B. LAMBDA-CYHALOTHRIN*

(Warrior with Zeon) 2.56–5.12 fl oz 24 21

MODE OF ACTION GROUP NUMBER1: 3A

COMMENTS: Harmful to beneficial insects and mites; will suppress spider mites. May cause outbreaks of pear rust mite. Take care to avoid spray runoff or drift when spraying adjacent to riparian corridors because of water quality concerns. Do not apply to blooming plants, including fruit trees and broadleaf weeds.
 
C. CLOTHIANIDIN

(Clutch 50WDG) 2–6 oz 12 7

MODE OF ACTION GROUP NUMBER1: 4A

COMMENTS: Do not apply to blooming plants, including fruit trees and broadleaf weeds.
 
D. ACETAMIPRID

(Assail 70WP) 1.1–3.4 oz 12 7

MODE OF ACTION GROUP NUMBER1: 4A

COMMENTS: Do not apply to blooming plants, including fruit trees and broadleaf weeds.
 
E. THIAMETHOXAM*

(Actara) 4.5–5.5 oz 1.125–1.375 oz 12 see comments

MODE OF ACTION GROUP NUMBER1: 4A

COMMENTS: Allow a minimum of 10 days between applications; do not exceed 8 oz/acre per season. Preharvest interval is 14 days when 2.75 oz/acre or less is used and 35 day when more than 2.75 oz/acre is used. Do not apply to blooming plants, including fruit trees and broadleaf weeds.
 
F. IMIDACLOPRID

(Provado 1.6F) 10 fl oz 2.5 fl. oz 12 7

MODE OF ACTION GROUP NUMBER1: 4A

COMMENTS: Effective against boxelder and lygus bugs, but not stink bugs. Do not apply to blooming plants, including fruit trees and broadleaf weeds.
 
G. DIMETHOATE Label rates see label 28

MODE OF ACTION GROUP NUMBER1: 1B

COMMENTS: May kill beneficial mites and pear psylla predators. Do not apply to blooming plants, including fruit trees and broadleaf weeds. Not allowable by some processors.
 
** Dilute rate is the rate per 100 gal water; use 400 gal solution/acre. Apply concentrate in 80–100 gal water/acre, or less if the label allows.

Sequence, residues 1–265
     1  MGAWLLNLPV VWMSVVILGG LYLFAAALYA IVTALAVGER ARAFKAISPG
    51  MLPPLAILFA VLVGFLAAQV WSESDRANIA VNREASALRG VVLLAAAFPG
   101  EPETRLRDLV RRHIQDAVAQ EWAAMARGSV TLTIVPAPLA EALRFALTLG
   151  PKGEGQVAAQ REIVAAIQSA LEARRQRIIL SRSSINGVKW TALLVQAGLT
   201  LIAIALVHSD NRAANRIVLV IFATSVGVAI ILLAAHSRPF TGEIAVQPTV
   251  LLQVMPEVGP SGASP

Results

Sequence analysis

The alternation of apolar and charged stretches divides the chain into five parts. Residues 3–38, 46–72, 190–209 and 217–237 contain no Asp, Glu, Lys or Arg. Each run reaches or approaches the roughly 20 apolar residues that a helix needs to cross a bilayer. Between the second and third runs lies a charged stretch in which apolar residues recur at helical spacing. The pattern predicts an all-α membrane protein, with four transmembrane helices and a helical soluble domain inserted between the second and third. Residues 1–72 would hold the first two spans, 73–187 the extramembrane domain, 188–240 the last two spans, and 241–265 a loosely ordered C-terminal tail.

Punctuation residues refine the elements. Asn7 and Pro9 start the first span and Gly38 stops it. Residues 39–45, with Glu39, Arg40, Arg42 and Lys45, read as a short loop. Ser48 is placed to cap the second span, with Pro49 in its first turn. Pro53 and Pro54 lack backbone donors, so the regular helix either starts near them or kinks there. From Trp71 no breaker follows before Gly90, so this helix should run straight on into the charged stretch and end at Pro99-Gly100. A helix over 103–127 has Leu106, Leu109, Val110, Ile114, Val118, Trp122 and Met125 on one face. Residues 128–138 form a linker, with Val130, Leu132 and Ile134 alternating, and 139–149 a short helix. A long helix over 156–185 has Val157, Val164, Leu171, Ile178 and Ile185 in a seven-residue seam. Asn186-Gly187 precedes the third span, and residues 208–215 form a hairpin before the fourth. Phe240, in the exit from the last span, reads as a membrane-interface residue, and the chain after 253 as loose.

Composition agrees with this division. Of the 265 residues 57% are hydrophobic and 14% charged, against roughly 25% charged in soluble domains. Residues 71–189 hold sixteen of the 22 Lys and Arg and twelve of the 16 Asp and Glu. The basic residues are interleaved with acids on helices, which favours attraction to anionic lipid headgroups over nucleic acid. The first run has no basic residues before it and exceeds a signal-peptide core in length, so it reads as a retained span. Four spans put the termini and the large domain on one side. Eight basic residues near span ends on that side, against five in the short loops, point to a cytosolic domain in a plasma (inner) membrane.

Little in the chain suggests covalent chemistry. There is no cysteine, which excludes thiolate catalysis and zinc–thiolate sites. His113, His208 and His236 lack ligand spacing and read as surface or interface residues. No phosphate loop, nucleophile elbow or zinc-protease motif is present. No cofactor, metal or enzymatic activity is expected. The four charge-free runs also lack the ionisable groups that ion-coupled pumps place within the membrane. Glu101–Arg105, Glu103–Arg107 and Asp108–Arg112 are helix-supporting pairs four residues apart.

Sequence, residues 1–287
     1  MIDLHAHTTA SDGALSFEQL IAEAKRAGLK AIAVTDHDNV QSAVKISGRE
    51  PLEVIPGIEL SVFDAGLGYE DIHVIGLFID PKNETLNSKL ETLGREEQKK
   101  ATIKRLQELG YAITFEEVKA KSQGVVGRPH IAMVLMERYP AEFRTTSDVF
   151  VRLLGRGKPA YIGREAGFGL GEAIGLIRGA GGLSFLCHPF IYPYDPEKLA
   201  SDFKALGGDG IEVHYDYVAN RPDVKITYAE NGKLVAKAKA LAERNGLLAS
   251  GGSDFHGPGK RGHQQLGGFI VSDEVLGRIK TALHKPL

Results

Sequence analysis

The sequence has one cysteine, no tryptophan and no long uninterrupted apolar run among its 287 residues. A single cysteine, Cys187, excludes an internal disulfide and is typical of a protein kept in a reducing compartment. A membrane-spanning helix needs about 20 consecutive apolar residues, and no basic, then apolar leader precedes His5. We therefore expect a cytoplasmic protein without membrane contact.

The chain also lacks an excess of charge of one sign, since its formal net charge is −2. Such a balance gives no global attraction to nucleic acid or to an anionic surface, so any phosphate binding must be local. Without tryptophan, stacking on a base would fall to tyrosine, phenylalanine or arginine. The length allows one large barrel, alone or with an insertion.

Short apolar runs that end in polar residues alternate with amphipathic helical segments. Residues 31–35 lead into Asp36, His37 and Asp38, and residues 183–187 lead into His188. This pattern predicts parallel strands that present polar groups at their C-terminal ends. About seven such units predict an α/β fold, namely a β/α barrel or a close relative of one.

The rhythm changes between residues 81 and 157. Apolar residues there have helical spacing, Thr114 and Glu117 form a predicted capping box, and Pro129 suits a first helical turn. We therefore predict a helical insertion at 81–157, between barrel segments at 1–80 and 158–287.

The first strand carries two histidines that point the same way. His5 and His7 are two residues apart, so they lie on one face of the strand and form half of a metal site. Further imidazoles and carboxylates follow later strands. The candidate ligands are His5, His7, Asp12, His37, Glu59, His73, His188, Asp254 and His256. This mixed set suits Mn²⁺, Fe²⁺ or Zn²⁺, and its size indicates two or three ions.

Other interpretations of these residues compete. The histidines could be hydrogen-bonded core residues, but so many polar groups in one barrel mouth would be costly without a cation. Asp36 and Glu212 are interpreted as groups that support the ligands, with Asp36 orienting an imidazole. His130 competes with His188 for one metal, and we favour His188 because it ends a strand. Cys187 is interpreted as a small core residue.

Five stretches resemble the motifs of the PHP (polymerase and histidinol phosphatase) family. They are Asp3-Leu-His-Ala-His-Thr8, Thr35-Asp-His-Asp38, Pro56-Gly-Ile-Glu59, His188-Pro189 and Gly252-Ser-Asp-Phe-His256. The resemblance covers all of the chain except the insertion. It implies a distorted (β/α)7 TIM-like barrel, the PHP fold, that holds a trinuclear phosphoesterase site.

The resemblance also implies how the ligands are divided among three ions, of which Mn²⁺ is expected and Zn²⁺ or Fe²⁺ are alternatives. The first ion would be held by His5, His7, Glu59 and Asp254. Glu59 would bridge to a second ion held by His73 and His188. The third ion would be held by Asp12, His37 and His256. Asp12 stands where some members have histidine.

+ Restricted entry interval (R.E.I.) is the number of hours (unless otherwise noted) from treatment until the treated area can be safely entered without protective clothing. Preharvest interval (P.H.I.) is the number of days from treatment to harvest. In some cases the REI exceeds the PHI. The longer of two intervals is the minimum time that must elapse before harvest.
* Permit required from county agricultural commissioner for purchase or use.
1 Rotate chemicals with a different mode of action Group number, and do not use products with the same mode of action Group number more than twice per season to help prevent the development of resistance. For example, the organophosphates have a Group number of 1B; chemicals with a 1B Group number should be alternated with chemicals that have a Group number other than 1B. Mode of action Group numbers are assigned by IRAC (Insecticide Resistance Action Committee). For additional information, see their Web site at www.irac-online.org.
Not recommended or not on label.

[Precautions]

PUBLICATION

[UC Peer Reviewed]

UC IPM Pest Management Guidelines: Pear
UC ANR Publication 3455

Insects and Mites

L. G. Varela, UC IPM Program, UC Cooperative Extension, Sonoma County
R. B. Elkins, UC Cooperative Extension, Lake County
R. A. Van Steenwyk, Insect Biology, UC Berkeley
C. Ingels, UC Cooperative Extension, Sacramento County
Acknowledgment for contributions to Insects and Mites:
C. Pickel, UC IPM Program, UC Cooperative Extension, Sutter/Yuba counties
P. W. Weddle, Weddle, Hansen & Associates
R. Hansen, Weddle, Hansen & Associates
P. Chevalier, United Ag Products, Ukiah
M. Hooper, Ag Unlimited, Lakeport
B. Knispel, Pest Control Adviser, Upper Lake
T. Lidyoff, Purity Products, Healdsburg
G. McCosker, Harvey Lyman Agservices, Walnut Grove
B. Oldham, Ag Unlimited, Ukiah
J. Sisevich, AgroTech, Kelseyville (retired)
D. Smith, Western Farm Service, Walnut Grove
B. Zoller, The Pear Doctor, Inc., Kelseyville